Upon the close of the testimony the court instructed the jury that the plaintiff was entitled to recover, the defendants' location not having been made until after the patent was issued, and directed them to find a verdict in its favor. They accordingly found such verdict, and the question before this court is as to the correctness of this instruction.
Exceptions to the operation of the patent are founded upon section 2333 of the Revised Statutes, which is as follows:
'Where the same person, association, or corporation is in possession of a placer claim, and also a vein or lode included within the boundaries thereof, application shall be made for a patent for the placer claim, with the statement that it includes such vein or lode, and in such case a patent shall issue for the placer claim, subject to the provisions of this chapter, including such vein or lode, upon the payment of five dollars per acre for such vein or lode claim, and twenty-five feet of surface on each side thereof. The remainder of the placer claim, or any placer claim not embracing any vein or lode claim, shall be paid for at the rate of two dollars and fifty cents per acre, together with all costs of proceedings; and where a vein or lode, such as is described in section twenty-three hundred and twenty, is known to exist within the boundaries of a placer claim, and application for a patent for such placer claim which does not include an application for the vein or lode claim shall be construed as a conclusive declaration that the claimant of the placer claim has no right of possession of the vein or lode claim; but, where the existence of a vein or lode in a placer claim is not known, a patent for the placer claim shall convey all valuable mineral and other deposits within the boundaries thereof.'
This section, as this court has said on more than one occasion, makes provision for three distinct classes of cases:
(1) Where one applies for a placer patent, who is at the time in the possession of a vein or lode included within its boundaries, he must state the fact, and then, on payment of the sum required for a vein or lode claim and 25 feet on each side of it at $5 an acre, and $2.50 an acre for the placer claim, a patent will issue to him convering both claim and lode.
(2) Where a vein or lode such as is described in a previous section of the Revised Statutes-that is, of quartz or other rock in place bearing gold, silver, cinnabar, lead, tin, copper, or other valuable deposits-is known to exist at the time within the boundaries of the placer claim, the application for a patent therefor, which does not also include an application for the vein or lode, will be construed as a conclusive declaration that the claimant of the placer claim has no right of possession to the vein or lode.
(3) Where the existence of a vein or lode in a placer claim is not known at the time of the application for a patent, that instrument will convey all valuable mineral and other deposits within its boundaries. Mining Co. v. Reynolds, 124 U.S. 374, 382, 8 Sup. Ct. Rep. 598; also, Reynolds v. Mining Co., 116 U.S. 687, 696, 6 Sup. Ct. Rep. 601.
The exception made in the patent of the placer claim, of any vein or lode of quartz or other rock in place, bearing gold, silver, cinnabar, lead, tin, copper, or other valuable deposits, 'claimed or known to exist,' at the date of the patent, within the described premises, is in two particulars broader than the language of the statute, and to that extent is inoperative. It was so held in Mining Co. v. Reynolds, 124 U.S. 374, 382, 8 Sup. Ct. Rep. 598, and in U.S. v. Mining Co., 128 U.S. 673, 680, 9 Sup. Ct. Rep. 195. The exception of the statute cannot be extended by those whose duty it is to supervise the issuing of the patent. It was so held in Deffeback v. Hawke, 115 U.S. 392, 406, 6 Sup. Ct. Rep. 95, where a mining patent for a placer claim was alleged to cover certain buildings and improvements of the defendant; and it was contended, in an action to recover the premises, that the patent should have contained a reservation excluding from its operation the buildings and improvements not belonging to the patentee, and all rights necessary or proper to their possession and enjoyment. But the court held that this position had no support in any legislation of congress, adding: 'The land-officers, who are merely agents of the law, had no authority to insert in the patent any other terms than those of conveyance, with recitals showing a compliance with the law and the conditions which it prescribed. The patent of a placer mining claim carries with it the title to the surface included within the lines of the mining location, as well as to the land beneath the surface.' A similar ruling was made in U.S. v. Mining Co., 128 U.S. 673, 680, 9 Sup. Ct. Rep. 195.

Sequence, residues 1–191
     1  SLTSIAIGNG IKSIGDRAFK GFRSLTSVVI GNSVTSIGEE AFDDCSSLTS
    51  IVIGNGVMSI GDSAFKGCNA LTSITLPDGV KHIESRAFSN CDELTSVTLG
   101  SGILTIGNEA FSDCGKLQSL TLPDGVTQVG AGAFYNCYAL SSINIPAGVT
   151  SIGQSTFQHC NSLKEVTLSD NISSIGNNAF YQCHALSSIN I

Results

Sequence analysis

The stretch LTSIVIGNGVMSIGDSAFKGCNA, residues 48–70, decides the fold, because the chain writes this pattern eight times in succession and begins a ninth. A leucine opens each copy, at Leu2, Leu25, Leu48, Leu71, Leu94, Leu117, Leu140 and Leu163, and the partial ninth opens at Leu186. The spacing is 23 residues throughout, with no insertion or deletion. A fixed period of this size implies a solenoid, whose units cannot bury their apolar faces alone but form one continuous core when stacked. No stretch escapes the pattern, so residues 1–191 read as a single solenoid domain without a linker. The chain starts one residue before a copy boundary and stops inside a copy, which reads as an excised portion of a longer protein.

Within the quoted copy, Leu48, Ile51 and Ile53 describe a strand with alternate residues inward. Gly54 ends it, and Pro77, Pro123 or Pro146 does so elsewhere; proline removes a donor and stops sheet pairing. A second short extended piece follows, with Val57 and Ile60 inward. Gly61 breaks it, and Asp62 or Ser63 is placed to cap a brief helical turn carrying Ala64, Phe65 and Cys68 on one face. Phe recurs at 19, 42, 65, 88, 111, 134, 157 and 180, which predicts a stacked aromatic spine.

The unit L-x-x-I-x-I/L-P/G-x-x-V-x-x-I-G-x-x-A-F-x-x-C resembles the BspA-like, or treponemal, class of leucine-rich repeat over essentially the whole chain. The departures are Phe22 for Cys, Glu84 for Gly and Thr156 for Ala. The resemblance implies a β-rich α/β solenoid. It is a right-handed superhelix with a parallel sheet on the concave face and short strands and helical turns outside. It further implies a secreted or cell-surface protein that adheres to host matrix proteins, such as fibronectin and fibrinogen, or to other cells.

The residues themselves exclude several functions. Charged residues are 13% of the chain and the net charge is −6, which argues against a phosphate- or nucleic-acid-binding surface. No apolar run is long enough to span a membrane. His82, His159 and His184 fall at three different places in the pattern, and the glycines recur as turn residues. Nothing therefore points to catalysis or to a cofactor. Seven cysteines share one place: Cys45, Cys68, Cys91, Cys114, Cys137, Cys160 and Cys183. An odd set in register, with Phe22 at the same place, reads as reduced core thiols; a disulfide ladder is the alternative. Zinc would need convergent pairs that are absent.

It thus appears that, according to the repeated decisions of this court, to bring a vein or lode of quartz or other rock in place bearing precious metals within the exceptions of the statute, and of course within those of the patent to the extnet to which they are operative, the vein or lode must have been known to exist at the time application for the patent was made. The knowledge of the applicant is necessarily limited to what has then been discovered; he cannot, of course, speak of possible future discoveries.
Before a vein or lode can be deemed to fall within those excepted from the placer patent, as a known lode existing at the time of the application of the patentee, the lode must be discovered and located, so far as to be capable of measurement.
The instruction of the court below directing a verdict for the plaintiff being in harmony with the decisions of this court as to the necessity of showing the existence of a lode known to the patentee, at the time of his application for a patent, to except the lode from conveyance to the patentee, I agree that the judgment is rightly affirmed.